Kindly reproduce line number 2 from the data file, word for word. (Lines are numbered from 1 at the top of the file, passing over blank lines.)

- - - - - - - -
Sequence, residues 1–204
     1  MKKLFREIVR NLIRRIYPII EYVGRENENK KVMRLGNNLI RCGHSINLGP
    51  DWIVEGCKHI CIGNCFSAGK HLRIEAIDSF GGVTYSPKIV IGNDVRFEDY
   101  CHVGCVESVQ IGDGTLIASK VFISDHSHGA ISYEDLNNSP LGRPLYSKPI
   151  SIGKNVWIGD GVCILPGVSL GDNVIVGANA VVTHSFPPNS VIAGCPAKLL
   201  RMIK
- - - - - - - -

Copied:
     1  MKKLFREIVR NLIRRIYPII EYVGRENENK KVMRLGNNLI RCGHSINLGP